Trail Usage and its Economic Impact

Community Spotlight, News and Upcoming Events, Tactical Urbanism

Many of us have probably used a trail at some point in our lives. It’s a pretty simple concept—getting from point A to point B using a safe and designated place to travel besides a road designed for automobiles. They vary in size, location, purpose, and what kinds of services they connect from community to community as well as in their rates of success. Measuring success can be tricky, though, and can include anything from increased property values, to the amount of people using the trail, to economic development, to increased tourism, etc.

Starting yesterday, there is a study being conducted throughout Indiana trails by the Eppley Institute for Parks and Public Lands, to “gather data on health factors related to trail use and their economic impact” (Source). Trails are something which many communities are interested in as placemaking efforts and something residents can usually support because of the beautification impacts on a community and the accessibility of usage for them. Studying trails around Indiana, though, and correlating them directly to economic development and an increase in usage would help convince other communities and their residents that trails are worthwhile investments. Trails must be planned and created intentionally to leverage support and achieve the desired outcomes.

The trails which are going to be studied are the:

  • Nickel Plate Trail (Peru)
  • Rivergreenway (Fort Wayne)
  • Erie Lackawanna Trail (Northwest Indiana)
  • Pumpkinvine Nature Trail (Elkhart and LaGrange counties)
  • Monon Trail (Indianapolis and Carmel)
  • Cardinal Greenway (Marion to Muncie to Richmond)
  • Pigeon Creek Greenway Passage (Evansville)
  • People Trail (Columbus) and
  • B-Line Trail (Bloomington)

 

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The Nickel Plate Trail in Peru, IN, has a bridge over the Wabash River. Source: railstotrails.org

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The B-Line Trail includes this striking blue arch over part of the trail. Source: heraldtimesonline.com

 

The Indianapolis Cultural Trail is one example which is brought up in many discussions about the economic impact of trails in cities. The number which was released in the summer of 2015 was that over the 8 miles of trails from 2008-2015, “property assessment within approximately one block of the eight mile trail have increased 148%…an increase of $1 billion in assessed property value” (Source). It is slightly different since it is in the heart of the state capital and a state of the art trail, but the number is astonishing and should peak other city’s interests as to what they can do with trails in their own communities.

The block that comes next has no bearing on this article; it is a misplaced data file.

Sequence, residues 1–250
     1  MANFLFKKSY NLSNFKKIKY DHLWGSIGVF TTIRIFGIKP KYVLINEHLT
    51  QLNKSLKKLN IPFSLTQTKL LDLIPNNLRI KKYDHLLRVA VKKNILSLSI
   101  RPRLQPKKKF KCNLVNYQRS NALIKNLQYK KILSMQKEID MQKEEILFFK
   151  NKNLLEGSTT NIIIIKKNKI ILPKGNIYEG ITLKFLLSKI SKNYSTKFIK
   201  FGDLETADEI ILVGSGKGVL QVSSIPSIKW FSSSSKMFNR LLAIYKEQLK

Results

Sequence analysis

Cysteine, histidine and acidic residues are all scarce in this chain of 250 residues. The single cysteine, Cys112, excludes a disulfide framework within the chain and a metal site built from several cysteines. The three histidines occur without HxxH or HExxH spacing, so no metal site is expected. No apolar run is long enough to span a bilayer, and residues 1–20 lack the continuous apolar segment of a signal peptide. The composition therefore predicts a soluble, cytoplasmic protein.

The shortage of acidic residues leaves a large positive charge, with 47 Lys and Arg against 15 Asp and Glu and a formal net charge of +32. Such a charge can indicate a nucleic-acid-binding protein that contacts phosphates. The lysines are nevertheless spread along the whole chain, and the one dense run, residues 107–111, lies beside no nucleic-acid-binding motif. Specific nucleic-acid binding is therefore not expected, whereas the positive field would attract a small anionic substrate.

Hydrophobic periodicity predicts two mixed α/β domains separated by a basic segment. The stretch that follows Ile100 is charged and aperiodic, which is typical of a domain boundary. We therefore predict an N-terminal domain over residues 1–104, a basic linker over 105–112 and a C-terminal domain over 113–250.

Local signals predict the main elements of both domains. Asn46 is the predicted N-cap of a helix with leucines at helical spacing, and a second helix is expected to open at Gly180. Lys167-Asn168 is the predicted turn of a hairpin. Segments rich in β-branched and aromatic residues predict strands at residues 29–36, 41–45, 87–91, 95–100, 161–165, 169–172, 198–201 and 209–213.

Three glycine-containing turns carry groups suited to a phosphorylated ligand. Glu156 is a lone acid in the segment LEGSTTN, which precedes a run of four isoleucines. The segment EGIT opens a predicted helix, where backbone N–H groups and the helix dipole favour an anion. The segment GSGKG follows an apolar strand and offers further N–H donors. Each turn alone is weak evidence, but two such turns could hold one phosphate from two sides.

Connecting points of interest is a very important aspect of community trails: ones which do not connect anchor sites such as restaurants, cultural areas, retail, universities, etc., even if they are exceptionally well-done, will not attract high amounts of users like trails which connect anchor sites such as restaurants, cultural areas, retail, universities, etc. Trails can also become places of culture and art themselves, increasing the number of people who want to be there like on the Indianapolis Cultural Trail where there are numerous works of art which encourage people to stop and spend time admiring them.

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The Glick Peace Walk along the Cultural Trail in Indianapolis encourages people to take their time and enjoy the trail. Source

The Institute is planning on taking data four times for a week at a time in April, June, August, and October this year. Using surveys from “trail users, a control group of non-trail users and nearby property owners” as well as trail counters, the Institute will be able to inform “future trail development, operations and maintenance efforts” (Source).

This study may be able to help communities all over Indiana and surrounding states put their trails to better use and create places people want to be in as well as leveraging economic development dollars for the surrounding businesses in the area and the overall health of the community.

Main Photo Source: Seattle Department of Transportation

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